Is the State House in Play for PA Dems? This Model Says It Could Be

(PA House Forecast | Image: Sixty Six Wards)

Jonathan Tannen at the Sixty Six Wards blog unveiled new prediction models for the PA state House and Senate races, and the House model is interesting for its bullishness on Democrats' chances of flipping the lower chamber. It gives them a little better than even odds.

Read the whole post to learn more about what went into building the models, but the big takeaway is that Democrats win the House in about 53% of scenarios, and Republicans win it in about 47% of scenarios.

"I predict that in two weeks the Democrats will between 92 and 110 seats. On average in my simulations, they win 101.5 seats, which is annoyingly, bizarrely, exactly half of 203. They win the majority 53% of the time. "

This is surprisingly bullish for Democrats. The average represents an 18.5 seat pickup for them, and even the low end of the confidence interval--92 seats--would be a 9 seat pickup.

My predictions are particularly optimistic on the Philadelphia area’s Democratic challengers, largely because of the sweeping victories expected in the region's Congressional races. Remember: the model doesn’t know anything about the state candidates themselves, and just uses broad indications of the district and the environment, so your knowledge of a given candidate could mean very different predictions. It gives Democrat Kristin Seale a 32% chance of unseating Quinn in Delco’s 168. It gives Hohenstein a 34% chance of winning the River Wards’ 177, now that John Taylor isn’t in the picture. And it gives Michael Doyle a 36% chance of Martina White in 170 in the Northeast."
Why is the model so bullish? It has to do with the specific way in which Republicans gerrymandered the state legislative districts after the last Census. An effective gerrymander doesn't make every single seat a slam dunk for one party. In order to skew a lot of seats in one direction, you need to draw most of them so that the partisan lean moderately favors one side, but the slant is still large enough to be durable in a typical election year.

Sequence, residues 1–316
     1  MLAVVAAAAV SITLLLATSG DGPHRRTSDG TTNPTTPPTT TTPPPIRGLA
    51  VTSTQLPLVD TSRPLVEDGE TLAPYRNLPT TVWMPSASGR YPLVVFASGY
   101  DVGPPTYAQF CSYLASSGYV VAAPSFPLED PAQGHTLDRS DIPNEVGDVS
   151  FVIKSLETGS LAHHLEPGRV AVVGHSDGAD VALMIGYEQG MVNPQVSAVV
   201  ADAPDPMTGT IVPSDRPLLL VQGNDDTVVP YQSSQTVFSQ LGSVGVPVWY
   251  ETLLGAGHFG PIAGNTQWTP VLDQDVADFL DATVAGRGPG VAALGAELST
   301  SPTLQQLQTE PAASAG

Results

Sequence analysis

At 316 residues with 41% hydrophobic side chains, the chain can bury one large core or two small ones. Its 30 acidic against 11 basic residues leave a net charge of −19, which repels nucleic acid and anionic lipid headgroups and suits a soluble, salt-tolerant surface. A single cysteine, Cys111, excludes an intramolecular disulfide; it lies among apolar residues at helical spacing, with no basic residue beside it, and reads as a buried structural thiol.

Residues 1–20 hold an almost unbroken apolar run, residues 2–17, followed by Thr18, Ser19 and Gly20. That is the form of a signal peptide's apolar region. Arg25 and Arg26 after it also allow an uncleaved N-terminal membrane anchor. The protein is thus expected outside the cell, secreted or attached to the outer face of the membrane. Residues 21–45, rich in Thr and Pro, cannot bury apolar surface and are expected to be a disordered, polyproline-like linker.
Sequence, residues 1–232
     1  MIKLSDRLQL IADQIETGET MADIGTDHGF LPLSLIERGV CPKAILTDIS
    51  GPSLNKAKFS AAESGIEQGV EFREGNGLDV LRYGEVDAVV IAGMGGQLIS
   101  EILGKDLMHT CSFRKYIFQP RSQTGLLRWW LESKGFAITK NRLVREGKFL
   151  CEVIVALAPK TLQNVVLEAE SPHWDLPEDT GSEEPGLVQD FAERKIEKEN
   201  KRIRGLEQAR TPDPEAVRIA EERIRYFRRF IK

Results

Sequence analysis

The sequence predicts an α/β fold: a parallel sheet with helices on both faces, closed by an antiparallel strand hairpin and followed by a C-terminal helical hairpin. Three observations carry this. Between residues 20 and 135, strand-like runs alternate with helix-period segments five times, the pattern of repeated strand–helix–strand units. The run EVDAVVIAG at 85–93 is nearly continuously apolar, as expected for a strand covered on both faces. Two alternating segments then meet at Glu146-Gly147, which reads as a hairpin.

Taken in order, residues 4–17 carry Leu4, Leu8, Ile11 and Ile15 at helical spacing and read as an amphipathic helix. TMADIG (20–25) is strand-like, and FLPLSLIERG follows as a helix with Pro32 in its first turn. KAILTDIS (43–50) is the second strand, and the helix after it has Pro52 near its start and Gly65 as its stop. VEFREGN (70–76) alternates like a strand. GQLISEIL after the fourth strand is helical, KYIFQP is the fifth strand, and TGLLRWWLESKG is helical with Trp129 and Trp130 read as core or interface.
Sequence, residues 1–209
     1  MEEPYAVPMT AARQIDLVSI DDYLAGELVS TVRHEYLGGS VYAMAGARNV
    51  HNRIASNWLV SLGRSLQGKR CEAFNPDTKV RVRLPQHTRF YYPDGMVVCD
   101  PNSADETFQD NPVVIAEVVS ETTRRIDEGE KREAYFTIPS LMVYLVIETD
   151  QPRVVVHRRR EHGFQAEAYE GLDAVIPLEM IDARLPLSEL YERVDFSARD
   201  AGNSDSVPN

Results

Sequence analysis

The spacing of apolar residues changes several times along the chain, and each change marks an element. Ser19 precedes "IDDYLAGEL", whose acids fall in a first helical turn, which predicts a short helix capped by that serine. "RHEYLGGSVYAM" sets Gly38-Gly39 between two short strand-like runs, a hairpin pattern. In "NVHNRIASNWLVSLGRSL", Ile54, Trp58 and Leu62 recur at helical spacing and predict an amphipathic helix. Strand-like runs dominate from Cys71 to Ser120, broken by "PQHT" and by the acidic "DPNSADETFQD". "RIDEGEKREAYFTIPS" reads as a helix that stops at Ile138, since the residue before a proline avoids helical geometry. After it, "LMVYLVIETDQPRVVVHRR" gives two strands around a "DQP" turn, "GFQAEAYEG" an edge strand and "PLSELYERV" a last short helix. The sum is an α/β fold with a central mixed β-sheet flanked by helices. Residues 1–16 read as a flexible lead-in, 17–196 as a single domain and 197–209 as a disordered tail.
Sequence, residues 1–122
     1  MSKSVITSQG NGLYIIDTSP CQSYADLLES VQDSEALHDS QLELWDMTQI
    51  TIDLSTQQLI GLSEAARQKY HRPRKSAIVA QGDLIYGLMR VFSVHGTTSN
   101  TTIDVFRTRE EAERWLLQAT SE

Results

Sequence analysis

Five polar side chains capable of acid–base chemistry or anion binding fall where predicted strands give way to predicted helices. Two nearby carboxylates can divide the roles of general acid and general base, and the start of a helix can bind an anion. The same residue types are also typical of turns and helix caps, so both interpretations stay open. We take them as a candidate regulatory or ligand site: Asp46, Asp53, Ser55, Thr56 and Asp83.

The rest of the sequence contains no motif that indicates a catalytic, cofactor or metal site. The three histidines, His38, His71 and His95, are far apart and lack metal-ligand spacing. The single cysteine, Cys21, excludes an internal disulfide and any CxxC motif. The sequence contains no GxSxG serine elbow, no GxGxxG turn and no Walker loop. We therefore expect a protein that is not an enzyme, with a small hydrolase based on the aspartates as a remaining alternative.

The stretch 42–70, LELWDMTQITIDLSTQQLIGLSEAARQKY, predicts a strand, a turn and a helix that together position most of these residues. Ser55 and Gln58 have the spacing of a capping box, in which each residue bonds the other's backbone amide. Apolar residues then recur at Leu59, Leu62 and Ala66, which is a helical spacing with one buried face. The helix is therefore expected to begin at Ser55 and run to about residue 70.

What's happening here is that 2018 is not a typical election year, and most observers seem to agree this will be a wave year for the Democrats, particularly in the Philadelphia suburbs. In an environment like that, a map like this only provides the dominant party with a limited defense, as Tannen explains.
"How can Republicans be favored in more seats than is my upper bound on how many they'll win? The answer is gerrymandering. Because of "cracking and packing", there are a ton of districts that are safely Republican in any typical year, but not so safe as to waste too many votes. A Blue Wave would push them just to the boundary. Any additional randomness--a good Democratic candidate, a local story--pushes them over to Democrat seats. This is also helped by the fact that Democrats are contesting more districts than ever before. And there just aren't any similarly teetering seats on the Democratic side. So while the model isn't sure which of the close seats will swing over the line, it's sure that some will. And maybe enough to win Democrats the house."
Tannen commented on Twitter that any type of noise or uncertainty in the model could easily move things in one direction or the other, and that's exactly the type of situation where a strong door-knocking game on one side or the other could tip the balance in and decide control of the chamber. To see which districts fall into that category, check out our rundown of the final battleground districts just a short SEPTA train ride away from Philadelphia.

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